Film – Lamb

Sometimes life gets in the way of things we want to do. I had great plans to write a Christmas article, but with a new job and other responsibilities, time just got away from me. So, here I am to kick off the New Year with a film breakdown, and this is one that has stuck in my head since I watched it.

Back in 2017, there were reports of a birth of a lamb/human hybrid in South Africa, this quite rightly scared the locals and was taken as a bad omen. Assumptions were made that a man had fornicated with a sheep to create some unholy being. These rumours were quickly quashed with a blood test confirming that the sheep had an infection which had impacted the growth of the lamb. Also, just to really cement the proof that this was not a hybrid, officials confirmed that the being had 28 chromosomes which is the correct amount for a sheep, whereas humans have 23. Should you want to see the news article, you can find it here.

The film “Lamb” is currently in cinemas therefore, if you are planning to see it and don’t want me to spoil it for you, look away now, but please do come back and have a read once you have watched it.

This story was eight years in the making, with director and writer Vladimar Jóhannsson in no hurry to rush something which essentially had been with him since his childhood. Whilst working in the film industry for the last 20 years, this is Jóhannsson debut film and it is a corker of a mythical proportion.

The film is set in the stark yet beautiful landscape of Iceland on a working sheep farm. It is Christmas day as a presence enters the barn…

Next we see Maria (Noomi Rapace) and her husband Ingvar (Hilmir Snær Guðnason) working the farm. There is little dialogue, and their day to day life is filled with tasks of the farm, and little else. The lack of dialogue and the intertwined shots of the landscape tell of a desolate existence.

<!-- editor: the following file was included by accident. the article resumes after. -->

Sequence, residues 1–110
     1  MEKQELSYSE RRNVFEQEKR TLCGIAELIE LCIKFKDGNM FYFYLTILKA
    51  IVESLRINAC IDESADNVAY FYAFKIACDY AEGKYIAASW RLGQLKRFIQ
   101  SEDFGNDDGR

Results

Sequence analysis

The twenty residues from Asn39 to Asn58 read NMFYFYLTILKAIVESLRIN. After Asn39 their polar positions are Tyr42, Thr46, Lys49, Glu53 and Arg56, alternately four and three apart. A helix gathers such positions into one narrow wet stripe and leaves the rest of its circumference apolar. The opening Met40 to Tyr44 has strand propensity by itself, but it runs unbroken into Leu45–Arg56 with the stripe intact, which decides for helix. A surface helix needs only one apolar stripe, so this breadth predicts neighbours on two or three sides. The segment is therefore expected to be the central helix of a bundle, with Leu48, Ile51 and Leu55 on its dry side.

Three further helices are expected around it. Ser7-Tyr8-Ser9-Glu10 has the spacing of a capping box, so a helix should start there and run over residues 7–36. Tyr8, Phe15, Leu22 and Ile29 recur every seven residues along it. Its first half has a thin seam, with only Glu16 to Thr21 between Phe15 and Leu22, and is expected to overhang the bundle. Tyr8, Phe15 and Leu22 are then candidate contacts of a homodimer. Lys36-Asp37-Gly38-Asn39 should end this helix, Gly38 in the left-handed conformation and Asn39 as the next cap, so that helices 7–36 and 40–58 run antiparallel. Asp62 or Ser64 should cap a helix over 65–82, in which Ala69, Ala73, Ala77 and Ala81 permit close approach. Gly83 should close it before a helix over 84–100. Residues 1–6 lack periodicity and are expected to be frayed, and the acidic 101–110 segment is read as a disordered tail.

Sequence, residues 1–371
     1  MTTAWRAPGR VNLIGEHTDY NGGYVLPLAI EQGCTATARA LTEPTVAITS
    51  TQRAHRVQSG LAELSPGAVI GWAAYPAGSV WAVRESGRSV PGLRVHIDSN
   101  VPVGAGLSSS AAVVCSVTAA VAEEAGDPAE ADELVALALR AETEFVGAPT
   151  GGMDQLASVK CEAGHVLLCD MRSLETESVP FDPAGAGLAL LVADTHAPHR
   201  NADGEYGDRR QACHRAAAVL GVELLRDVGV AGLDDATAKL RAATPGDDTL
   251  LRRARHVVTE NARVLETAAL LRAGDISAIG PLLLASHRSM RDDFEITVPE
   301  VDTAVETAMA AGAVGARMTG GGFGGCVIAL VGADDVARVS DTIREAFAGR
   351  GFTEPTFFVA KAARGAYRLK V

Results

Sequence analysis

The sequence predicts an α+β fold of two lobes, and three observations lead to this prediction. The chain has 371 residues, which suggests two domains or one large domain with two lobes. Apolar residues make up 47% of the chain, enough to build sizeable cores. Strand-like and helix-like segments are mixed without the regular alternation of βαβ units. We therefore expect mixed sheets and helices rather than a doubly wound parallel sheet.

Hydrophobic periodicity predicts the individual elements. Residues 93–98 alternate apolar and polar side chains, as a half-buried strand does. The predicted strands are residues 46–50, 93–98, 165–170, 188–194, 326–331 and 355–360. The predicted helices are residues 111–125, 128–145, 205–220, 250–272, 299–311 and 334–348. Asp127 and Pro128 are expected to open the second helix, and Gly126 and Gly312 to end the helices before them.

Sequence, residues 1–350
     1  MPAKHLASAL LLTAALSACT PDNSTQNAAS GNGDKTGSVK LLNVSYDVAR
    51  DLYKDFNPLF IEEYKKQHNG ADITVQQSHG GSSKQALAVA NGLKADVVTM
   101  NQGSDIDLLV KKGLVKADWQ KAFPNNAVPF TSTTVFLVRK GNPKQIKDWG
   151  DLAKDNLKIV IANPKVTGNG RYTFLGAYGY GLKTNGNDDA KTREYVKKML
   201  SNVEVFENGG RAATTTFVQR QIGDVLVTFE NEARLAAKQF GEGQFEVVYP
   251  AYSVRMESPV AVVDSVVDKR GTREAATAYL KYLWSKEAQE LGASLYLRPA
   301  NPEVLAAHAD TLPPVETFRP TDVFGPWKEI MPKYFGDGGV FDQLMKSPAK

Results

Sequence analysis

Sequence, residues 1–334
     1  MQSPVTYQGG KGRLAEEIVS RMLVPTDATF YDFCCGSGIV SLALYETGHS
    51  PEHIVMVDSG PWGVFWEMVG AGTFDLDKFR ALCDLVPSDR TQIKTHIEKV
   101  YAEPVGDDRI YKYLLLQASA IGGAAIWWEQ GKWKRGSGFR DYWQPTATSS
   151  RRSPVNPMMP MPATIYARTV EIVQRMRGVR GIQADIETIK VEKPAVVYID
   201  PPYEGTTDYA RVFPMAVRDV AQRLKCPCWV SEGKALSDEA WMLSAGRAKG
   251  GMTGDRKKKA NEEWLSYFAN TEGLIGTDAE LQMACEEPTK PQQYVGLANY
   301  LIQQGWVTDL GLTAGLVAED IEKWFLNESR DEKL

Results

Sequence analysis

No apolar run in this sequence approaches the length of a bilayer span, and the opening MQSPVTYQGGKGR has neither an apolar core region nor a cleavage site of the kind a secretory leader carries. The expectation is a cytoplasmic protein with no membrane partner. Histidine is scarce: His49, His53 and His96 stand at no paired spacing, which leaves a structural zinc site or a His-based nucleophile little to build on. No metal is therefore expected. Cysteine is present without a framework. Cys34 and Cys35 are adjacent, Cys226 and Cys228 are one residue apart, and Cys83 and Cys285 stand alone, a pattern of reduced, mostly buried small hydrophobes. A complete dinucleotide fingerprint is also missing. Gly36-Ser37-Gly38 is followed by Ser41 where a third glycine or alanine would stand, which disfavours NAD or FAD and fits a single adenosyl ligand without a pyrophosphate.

While delivering lambs in one of the barns (in fairly graphic reality), something unusual is born, Maria wraps the “lamb” in Ingvar’s coat and nods to him knowingly, and takes the creature back to the house.

Maria starts to tend to the “lamb” as if it was a human child. In the days that follow, Ingvar retrieves an unused cot from a barn and sets it up in there bedroom for the “lamb” to sleep in.

The lambs real sheep mother starts to linger around the bedroom window, calling to its lamb, wanting it to return to the heard. As Maria and Ingvar shoo the sheep away, you see a human like arm move in the cot.

The mother sheep situation escalates to the sheep managing to get into the farmhouse and leading the lamb/child out to the field. A panicked Maria and Ingvar go searching for the creature which they have now called Ada, which they eventually find with the sheep. Maria takes Ada from the sheep and starts to return to the house – screaming at the sheep to stop following them.

Meanwhile, Ingvar’s brother, Petur (Björn Hlynur Haraldsson) is thrown out of a car near to the farm, and he makes his way to them. He arrives just as Maria is taking the sheep mother out and shooting it, before burying it in a shallow grave. Petur doesn’t reveal he is there at this time, choosing to sleep the night in one of the barns.

The next day, Petur goes to the farmhouse and is invited in by Ingvar. As they have breakfast, Maria and Ada come through, and the audience finally sees the lamb/child for the full extent of what it is – a human, with a lambs head and one hoof instead of a hand. It is dressed in childs clothing and sits at the table ready for breakfast.

Petur is disturbed by Ada and questions why they haven’t shot it. Ingvar tells Petur that he can stay but he needs to accept Ada.

Petur becomes more disturbed by Ada, but sees Maria in the bath with her, and this brings on a flurry of sexual advances, which Maria rejects.

One morning, while Maria and Ingvar sleep, Petur takes Ada out with the intention of shooting her, but has a change of heart as Ada stands in front of him, look at him with innocent eyes. Petur then becomes something of an uncle figure to Ada, offering to take her out fishing with him so Maria and Ingvar can have some quiet time.